Gore Propositions Big Business

Washington DC -- Molten Metal Technology was a company bound to fail. For thirty years a succession of others had tried what the company hoped to do: reprocess nuclear waste into non-radioactive metals that could be remarketed. None succeeded.

Molten Metal never did manage to reprocess nuclear waste. But it sure made a lot of money trying. During the Clinton administration, the company received $27 million in research grants from the Department of Energy -- more than all 17 other companies that applied for the same grants received combined. Despite a 1995 DOE report that reprocessing would not work, the contracts continued all the way up until the company went finally went bust in 1997.

It might not have made sense from a scientific or business standpoint. But it made a lot of sense to the money-men that run the Democratic party. The company was one of the first donors to the Clinton/Gore campaign in 1996, for which they received a thank you note from the presidential ticket's campaign manager Peter Knight. The note underscored that the company had earned "a special place of significance with the Vice President." The Molten Metal was also paying Knight an $84,000-a-year retainer at the time.

Less than two weeks before the donation, Gore had visited a Molten Metal factory in Falls River, Massachusetts, where he told reporters: "Molten Metal is a success story, a shining example of American ingenuity, hard work and business know-how."

When he accepted the Democratic nomination last month, Al Gore told the nation that he wants to be president to take on "big tobacco, big oil, the big polluters, the pharmaceutical companies, the H.M.O.s." As the Democratic Candidate turns to populist rhetoric to win the election, it is worth noting that corporate America isn't exactly shaking in its boots at the prospect of a Gore presidency. In fact, he has long been known in the White House as "Solicitor in Chief" for his fundraising prowess.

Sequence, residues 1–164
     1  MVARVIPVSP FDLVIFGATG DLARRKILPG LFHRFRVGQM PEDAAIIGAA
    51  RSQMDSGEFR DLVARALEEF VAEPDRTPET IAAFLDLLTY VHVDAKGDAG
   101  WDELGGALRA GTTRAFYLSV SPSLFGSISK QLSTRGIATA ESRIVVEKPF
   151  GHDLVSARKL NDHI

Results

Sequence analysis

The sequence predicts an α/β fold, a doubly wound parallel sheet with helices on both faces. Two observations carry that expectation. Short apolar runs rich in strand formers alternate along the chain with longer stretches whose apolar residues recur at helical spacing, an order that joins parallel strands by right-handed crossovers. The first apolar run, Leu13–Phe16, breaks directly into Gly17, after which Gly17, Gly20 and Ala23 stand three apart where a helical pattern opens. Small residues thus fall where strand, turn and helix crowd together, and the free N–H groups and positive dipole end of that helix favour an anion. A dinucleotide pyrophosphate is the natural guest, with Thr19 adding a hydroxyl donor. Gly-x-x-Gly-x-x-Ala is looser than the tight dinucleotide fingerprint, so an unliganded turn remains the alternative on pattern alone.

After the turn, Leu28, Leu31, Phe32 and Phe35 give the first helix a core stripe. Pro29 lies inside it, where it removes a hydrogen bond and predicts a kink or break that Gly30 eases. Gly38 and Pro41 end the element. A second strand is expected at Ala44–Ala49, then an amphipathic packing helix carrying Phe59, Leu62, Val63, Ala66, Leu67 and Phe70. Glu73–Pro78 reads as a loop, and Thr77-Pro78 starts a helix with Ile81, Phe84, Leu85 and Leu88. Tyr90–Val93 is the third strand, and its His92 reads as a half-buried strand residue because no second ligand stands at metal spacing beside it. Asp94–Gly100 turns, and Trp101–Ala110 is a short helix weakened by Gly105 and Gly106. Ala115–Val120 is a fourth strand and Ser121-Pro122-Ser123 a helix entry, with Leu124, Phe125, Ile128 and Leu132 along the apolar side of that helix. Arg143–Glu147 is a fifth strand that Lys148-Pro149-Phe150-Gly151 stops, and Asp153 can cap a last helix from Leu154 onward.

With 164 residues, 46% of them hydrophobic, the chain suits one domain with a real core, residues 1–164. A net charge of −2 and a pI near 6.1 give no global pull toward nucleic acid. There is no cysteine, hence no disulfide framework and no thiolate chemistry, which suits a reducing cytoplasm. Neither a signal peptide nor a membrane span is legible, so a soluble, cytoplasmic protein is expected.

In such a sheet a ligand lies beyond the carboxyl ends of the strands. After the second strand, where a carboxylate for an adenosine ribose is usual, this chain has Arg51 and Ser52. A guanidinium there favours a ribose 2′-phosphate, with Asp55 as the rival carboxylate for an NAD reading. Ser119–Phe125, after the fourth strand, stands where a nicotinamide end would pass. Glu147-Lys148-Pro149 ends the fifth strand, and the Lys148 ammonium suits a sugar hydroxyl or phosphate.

The story of Molten Metal, and the numerous other corporate Democratic donors who have received preferential treatment from the administration, shows that corporate welfare is alive and well in Washington. And the money pouring into Al Gore's campaign war chest ($52 million so-far and growing fast) shows that corporate America knows it has a friend in Al Gore. He has already raised more money than any other Democratic presidential candidate in history. Perhaps even more telling, the Democratic party itself has almost achieved parity with Republicans in soft money.

"When you look at Clinton and Gore in particular, you have to see them in terms of their success in raising huge amounts of money for their campaigns," says Peter Eisner, managing director of the Center for Public Integrity. "The Clinton administration and Gore are part of a system that infects both parties that allows corporate influence to gain access to the halls of power and distort our political process."

The money has been pouring in from all kinds of corporate special interests. There is money from high-tech firms which don't want to be taxed. There is money from banks and securities brokers appreciative of the administration's deregulation of the finance industry. Even the Democratic convention was financed by a host of corporate-welfare-fattened telecom giants like AT&T (which gave $1 million to both the Democratic and GOP conventions), union-buster Sprint and BellSouth.

As one health care industry lobbyist, gushing over the selection of Joe Lieberman as running mate, told the New York Times, the Gore/Lieberman ticket was only feigning populism "as a political ploy." When he's not campaigning, Gore's heart is with the money in corporate America.

Telecom Giants